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Quartet of homers can't save Astros10/13/2004 10:59 PM ET
By Alyson Footer / MLB.com
ST. LOUIS -- Houston Astros relievers are not unaccustomed to absorbing a multitude of innings when Roger Clemens and Roy Oswalt are not pitching. What they are not used to, however, is letting a close game get out of hand, as they did on Wednesday in Game 1 of the National League Championship Series. As a result, a nail-biter became a 10-7 Cardinals win that gave the Redbirds their first-ever Game 1 NLCS win under manager Tony La Russa in four tries. Brandon Backe, who won Game 3 of the Division Series, handled the most dangerous lineup in the Major Leagues admirably during 4 2/3 innings. But the Astros' 4-3 lead upon his departure in the fifth quickly turned into a 10-4 deficit, with most of the damage coming off Chad Qualls and Chad Harville in the sixth.
Both relievers were frustrated, not so much with the number of hits they gave up, but with the fact that so few of them were anything other than the broken bat, blooper variety."For them to get so many infield hits, broken bat hits ... it was just unbelievable," Qualls said. "I thought I could catch a break sooner or later and it just never came. "I felt good. I made my pitches. They might have hit maybe one ball hard, to lead off the sixth inning. They didn't put one ball in the outfield. I can't ask for anything else. It just wasn't my day." With the score tied at 4, Roger Cedeno, pinch-hitting for Woody Williams, sent a slow grounder just inside the chalk on the first-base line. Jeff Bagwell opted to retrieve it before waiting for it to go foul, and as he tagged Cedeno, Edgar Renteria scored the go-ahead run from third. That's when the floodgates were officially opened for business. Tony Womack followed with a base hit off Qualls (0-1), plating Reggie Sanders, and after Womack stole second, Larry Walker reached on an infield hit to short. Jose Vizcaino's errant throw to first allowed Womack to score.
Scott Rolen loaded the bases with a walk off Harville, and Jim Edmonds emptied them with a double to the corner in right. Many in the Astros' clubhouse felt that double was one of maybe two well-hit balls the Cardinals hit the entire inning."One through nine, they're solid," Harville said. "You've got to make guys put the ball in play. It was one rough inning right there. Qualls made some quality pitches and they had one of those game where they put the ball in play and had some infield hits, then Edmonds had a clutch double down the line." Manager Phil Garner was not discouraged by Qualls or Harville's performances, either. "It was a tough inning for us, but that's the way this game goes sometimes," he said. "You can break a lot of bats and you still have to score the runs, and they did it tonight.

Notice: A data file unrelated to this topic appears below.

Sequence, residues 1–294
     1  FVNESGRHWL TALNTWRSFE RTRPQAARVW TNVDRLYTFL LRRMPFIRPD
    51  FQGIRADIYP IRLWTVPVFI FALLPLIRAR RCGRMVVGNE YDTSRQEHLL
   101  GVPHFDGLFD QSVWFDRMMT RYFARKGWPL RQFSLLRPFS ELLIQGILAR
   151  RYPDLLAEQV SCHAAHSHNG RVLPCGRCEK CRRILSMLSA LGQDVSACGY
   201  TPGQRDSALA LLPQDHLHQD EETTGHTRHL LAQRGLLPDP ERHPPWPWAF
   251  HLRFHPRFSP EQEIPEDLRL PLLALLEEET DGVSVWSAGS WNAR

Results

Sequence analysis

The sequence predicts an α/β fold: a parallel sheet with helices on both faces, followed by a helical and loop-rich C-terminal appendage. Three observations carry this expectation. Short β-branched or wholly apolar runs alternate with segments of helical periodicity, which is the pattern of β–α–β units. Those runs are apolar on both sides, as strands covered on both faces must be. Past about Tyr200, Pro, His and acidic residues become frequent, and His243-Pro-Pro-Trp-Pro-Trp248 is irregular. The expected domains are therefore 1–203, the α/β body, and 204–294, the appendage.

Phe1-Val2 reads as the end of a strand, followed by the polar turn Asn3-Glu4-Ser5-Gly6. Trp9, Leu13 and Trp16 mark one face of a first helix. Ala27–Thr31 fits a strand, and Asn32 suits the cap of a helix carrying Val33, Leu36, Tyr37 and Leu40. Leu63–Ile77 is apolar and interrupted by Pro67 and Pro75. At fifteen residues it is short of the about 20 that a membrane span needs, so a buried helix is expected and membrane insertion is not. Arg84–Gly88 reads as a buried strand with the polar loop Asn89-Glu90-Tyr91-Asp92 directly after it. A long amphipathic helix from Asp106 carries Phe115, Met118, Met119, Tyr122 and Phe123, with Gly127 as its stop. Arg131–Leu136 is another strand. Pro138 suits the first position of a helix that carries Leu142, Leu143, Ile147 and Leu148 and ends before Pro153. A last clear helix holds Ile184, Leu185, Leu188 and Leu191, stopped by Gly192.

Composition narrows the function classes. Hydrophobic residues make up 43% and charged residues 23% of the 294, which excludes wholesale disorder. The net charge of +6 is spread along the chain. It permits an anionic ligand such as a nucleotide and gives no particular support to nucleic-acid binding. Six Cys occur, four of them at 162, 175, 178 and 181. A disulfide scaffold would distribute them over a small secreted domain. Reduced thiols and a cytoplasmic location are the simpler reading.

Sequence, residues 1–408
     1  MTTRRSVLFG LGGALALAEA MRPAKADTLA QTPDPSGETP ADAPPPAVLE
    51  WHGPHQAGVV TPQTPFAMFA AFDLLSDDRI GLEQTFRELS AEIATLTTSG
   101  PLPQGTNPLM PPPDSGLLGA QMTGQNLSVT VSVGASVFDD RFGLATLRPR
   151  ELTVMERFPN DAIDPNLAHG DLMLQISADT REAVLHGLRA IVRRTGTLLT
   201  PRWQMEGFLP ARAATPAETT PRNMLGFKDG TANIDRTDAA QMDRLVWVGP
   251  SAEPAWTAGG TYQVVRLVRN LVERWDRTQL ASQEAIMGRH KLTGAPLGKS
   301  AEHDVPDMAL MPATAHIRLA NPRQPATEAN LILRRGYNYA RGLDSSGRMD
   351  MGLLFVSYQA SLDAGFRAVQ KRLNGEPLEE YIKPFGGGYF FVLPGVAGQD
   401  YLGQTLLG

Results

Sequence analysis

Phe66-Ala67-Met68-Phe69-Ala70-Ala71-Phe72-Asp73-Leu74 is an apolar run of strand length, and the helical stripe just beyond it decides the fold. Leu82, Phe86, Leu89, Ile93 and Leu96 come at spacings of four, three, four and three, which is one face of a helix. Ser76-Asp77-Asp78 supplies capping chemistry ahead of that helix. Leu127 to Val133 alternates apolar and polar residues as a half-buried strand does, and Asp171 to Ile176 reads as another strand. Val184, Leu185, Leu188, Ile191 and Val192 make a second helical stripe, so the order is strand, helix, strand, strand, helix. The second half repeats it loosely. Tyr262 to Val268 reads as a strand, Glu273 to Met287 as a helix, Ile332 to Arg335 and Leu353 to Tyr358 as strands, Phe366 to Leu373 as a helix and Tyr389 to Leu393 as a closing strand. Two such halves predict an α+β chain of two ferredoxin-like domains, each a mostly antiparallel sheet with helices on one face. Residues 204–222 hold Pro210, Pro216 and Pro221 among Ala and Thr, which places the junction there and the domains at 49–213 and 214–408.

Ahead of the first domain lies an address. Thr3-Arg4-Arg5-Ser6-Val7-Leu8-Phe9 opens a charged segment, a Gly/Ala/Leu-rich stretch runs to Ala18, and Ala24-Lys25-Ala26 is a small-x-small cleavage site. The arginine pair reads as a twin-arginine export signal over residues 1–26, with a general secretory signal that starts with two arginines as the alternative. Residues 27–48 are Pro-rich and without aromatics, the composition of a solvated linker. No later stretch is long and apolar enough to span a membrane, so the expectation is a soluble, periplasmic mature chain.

"Qualls did a pretty good job of keeping the ball in the infield, but we couldn't get that final out. It was just hard to get the final out."The Astros had the lead twice early in the game. Carlos Beltran, who hit .455 with four homers during the Division Series, continued his offensive surge, homering in his first at-bat to give the Astros a quick 2-0 lead. The Cardinals, however, scored two in the bottom of the first behind an Albert Pujols homer. "They've got a really good offense, and you can't stop scoring runs because they can get back in in two swings, just like that," Beltran said. "They were hitting the ball good and getting key hits wtih two outs and men in scoring position. They did a good job." Jeff Kent's two-run homer in the fourth off Williams gave the temporary lead back to Houston, but the Cards roared back in the fifth. Williams doubled off Brandon Backe, moved to third on Womack's grounder to the left side and scored on Walker's broken-bat double to shallow left field. Rolen, 0-for-14 in the postseason, singled off Qualls to score Walker, tying the game at 4.
Lance Berkman narrowed the deficit in the eighth with a two-run homer off Ray King, and pinch-hitter Mike Lamb's solo homer with two outs in the ninth made it just a bit more interesting. But closer Jason Isringhausen induced a groundout from Beltran to earn his first NLCS save with just one pitch."Our guys did a great job coming back, too," Bagwell said. "They had to get their closer in the game. We didn't win the game, but they know we're not going away. No need to panic right now. It's one game in a seven-game series." Even so, the Astros know they would be best served leaving St. Louis with a split after Thursday's Game 2. "They have a good team over there but we know we have a good team over here, too," Beltran said. "Today went their way and there's nothing we can do. Tomorrow, we have to take one of the two."
This story was not subject to the approval of Major League Baseball or its clubs.
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